Fluid-rock Interactions
British Geological Survey
Keith Bateman

The BGS Hydrothermal Laboratory enables the study of chemical reactions between fluids and rocks under conditions found in the top few kilometres of the Earth's crust. In its 30+ years, it has been at the centre of numerous investigations that require well-controlled conditions to study reaction processes under in-situ conditions (i.e. elevated temperatures and pressures), and it is probably unique in the range of very different studies that have been investigated in the laboratory. Static (batch) and flow-through equipment are available in the laboratory, with useable volumes ranging from less than one millilitre to over ten litres. Much of the equipment can withstand high temperatures and pressures, with current standard operating conditions up to about 400°C and 500 bar. Although some equipment is 'off the shelf', numerous pieces are novel, having been specially developed for the laboratory. The experimental reaction products are characterised using a wide range of fluid chemical and mineralogical analytical techniques that are available within other dedicated laboratories at the BGS.

  • The lab contains equipment capable of maintaining controlled conditions for timescales of up to several years. Reactions are followed by visual observations, monitoring fluid chemical changes, and mineralogical analysis of the reaction products. Reactor volumes range from 1 ml to 12 litres, with variable pressure and temperature limitations.
  • Batch reactors
  • High pressure, windowed reactors for optical studies.
  • High pressure/temperature direct sampling batch reactors (Dickson-type autoclaves).
  • High pressure column reactors for flow-through studies.
  • Mixed flow reactors for reaction rate studies.
  • Fluidised bed reactors for low pressure reaction rate studies.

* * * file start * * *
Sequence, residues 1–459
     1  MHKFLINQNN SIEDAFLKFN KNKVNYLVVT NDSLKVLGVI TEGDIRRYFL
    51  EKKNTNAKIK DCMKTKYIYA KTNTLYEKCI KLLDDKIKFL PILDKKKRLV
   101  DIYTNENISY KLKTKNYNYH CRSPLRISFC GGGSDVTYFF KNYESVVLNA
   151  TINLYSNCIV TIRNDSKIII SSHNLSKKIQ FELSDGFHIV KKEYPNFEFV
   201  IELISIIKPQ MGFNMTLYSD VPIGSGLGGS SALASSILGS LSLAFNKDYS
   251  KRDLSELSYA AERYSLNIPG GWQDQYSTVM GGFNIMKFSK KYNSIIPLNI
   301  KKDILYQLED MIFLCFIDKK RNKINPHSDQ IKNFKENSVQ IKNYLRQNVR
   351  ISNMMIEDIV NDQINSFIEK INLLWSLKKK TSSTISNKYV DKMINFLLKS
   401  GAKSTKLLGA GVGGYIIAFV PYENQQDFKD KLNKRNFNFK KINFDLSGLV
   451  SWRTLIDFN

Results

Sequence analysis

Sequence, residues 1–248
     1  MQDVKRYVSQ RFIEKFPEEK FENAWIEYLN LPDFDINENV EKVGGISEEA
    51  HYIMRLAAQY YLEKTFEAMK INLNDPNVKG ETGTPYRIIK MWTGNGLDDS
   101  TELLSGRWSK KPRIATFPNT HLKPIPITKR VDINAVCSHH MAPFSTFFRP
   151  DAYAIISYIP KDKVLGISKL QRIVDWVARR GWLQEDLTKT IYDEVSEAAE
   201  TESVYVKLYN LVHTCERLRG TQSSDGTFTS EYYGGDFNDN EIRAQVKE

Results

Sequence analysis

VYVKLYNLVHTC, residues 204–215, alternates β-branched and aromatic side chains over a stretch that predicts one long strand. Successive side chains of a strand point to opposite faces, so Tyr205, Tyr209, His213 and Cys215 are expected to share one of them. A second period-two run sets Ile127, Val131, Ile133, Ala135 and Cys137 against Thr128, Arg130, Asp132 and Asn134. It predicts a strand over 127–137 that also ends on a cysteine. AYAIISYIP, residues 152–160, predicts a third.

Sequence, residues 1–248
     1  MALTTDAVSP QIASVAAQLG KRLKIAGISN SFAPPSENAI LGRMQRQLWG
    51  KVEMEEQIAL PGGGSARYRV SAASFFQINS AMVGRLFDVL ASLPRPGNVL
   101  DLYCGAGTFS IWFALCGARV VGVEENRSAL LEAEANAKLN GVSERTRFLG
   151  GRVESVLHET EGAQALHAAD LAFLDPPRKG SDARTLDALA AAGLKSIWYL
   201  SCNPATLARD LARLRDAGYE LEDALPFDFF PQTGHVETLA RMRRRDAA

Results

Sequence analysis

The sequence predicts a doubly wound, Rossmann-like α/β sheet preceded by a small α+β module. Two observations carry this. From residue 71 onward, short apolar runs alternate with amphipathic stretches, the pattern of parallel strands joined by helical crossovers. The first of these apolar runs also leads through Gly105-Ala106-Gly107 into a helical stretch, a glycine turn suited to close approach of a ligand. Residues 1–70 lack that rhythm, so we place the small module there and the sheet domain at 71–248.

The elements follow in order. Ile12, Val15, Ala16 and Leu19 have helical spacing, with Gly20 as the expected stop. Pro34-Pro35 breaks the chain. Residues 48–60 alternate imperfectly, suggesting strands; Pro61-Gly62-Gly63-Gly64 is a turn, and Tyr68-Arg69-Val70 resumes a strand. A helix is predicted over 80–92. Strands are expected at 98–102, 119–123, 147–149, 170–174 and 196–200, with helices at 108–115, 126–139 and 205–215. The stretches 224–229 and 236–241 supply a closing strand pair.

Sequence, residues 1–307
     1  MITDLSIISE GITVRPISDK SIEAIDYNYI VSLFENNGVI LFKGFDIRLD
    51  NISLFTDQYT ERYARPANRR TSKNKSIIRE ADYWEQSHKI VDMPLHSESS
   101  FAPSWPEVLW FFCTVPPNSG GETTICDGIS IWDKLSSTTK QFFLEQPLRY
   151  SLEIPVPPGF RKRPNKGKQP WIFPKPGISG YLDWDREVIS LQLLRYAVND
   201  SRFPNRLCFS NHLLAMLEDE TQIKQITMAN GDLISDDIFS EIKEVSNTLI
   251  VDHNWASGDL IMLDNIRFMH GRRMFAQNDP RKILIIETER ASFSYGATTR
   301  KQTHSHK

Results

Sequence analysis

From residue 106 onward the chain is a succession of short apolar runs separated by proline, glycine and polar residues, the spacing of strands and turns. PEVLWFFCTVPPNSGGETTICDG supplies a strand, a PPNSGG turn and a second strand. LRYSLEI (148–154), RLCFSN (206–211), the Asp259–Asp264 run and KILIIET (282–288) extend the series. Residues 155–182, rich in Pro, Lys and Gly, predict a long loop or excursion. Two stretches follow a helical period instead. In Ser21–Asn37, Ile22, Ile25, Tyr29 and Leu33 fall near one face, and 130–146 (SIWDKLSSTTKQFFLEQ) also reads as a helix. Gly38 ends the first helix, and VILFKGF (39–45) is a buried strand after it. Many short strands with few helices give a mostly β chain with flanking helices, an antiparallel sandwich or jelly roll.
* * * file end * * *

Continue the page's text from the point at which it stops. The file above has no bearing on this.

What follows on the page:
• Pressure from atmospheric up to 500 bar, temperature range from 5°C to 500°C
  • More extreme conditions can be simulated with minor modifications
  • GEUS (Danish AquaCO₂ project)
    This was work undertaken on behalf of The geological Survey of Denmark and Greenland (GEUS) as part of the Danish ADUA_DK project to identify potential CCS sites in Denmark.
  • The CRIUS project (Carbon Research into Underground Storage)
    A consortium funded by NER, and involves scientists from the Universities of Cambridge, Manchester and Leeds and the British Geological Survey. The project is studying fluids and gasses from natural CO₂ reservoirs and from sites where CO₂ is being actively injected underground to:
    • Determine the rates of the mineral-water-CO₂ reactions in natural settings
    • Duplicate reactions in laboratory experiments
    • Study the processes under controlled conditions
    The ultimate objective is to inform site assessment, risk and monitoring for geological carbon storage operations.
  • CO₂CARE (CO₂ Site Closure Assessment Research)
    An EU FP7 project that aims to support the large-scale demonstration of CCS technology by addressing the research requirements of CO₂ storage site abandonment. The BGS Hydrothermal Laboratory is conducting long term experiments using samples of cap rock and borehole materials to study long-term integrity of a CCS site.

Hydrothermal vessels

Hydrothermal lab

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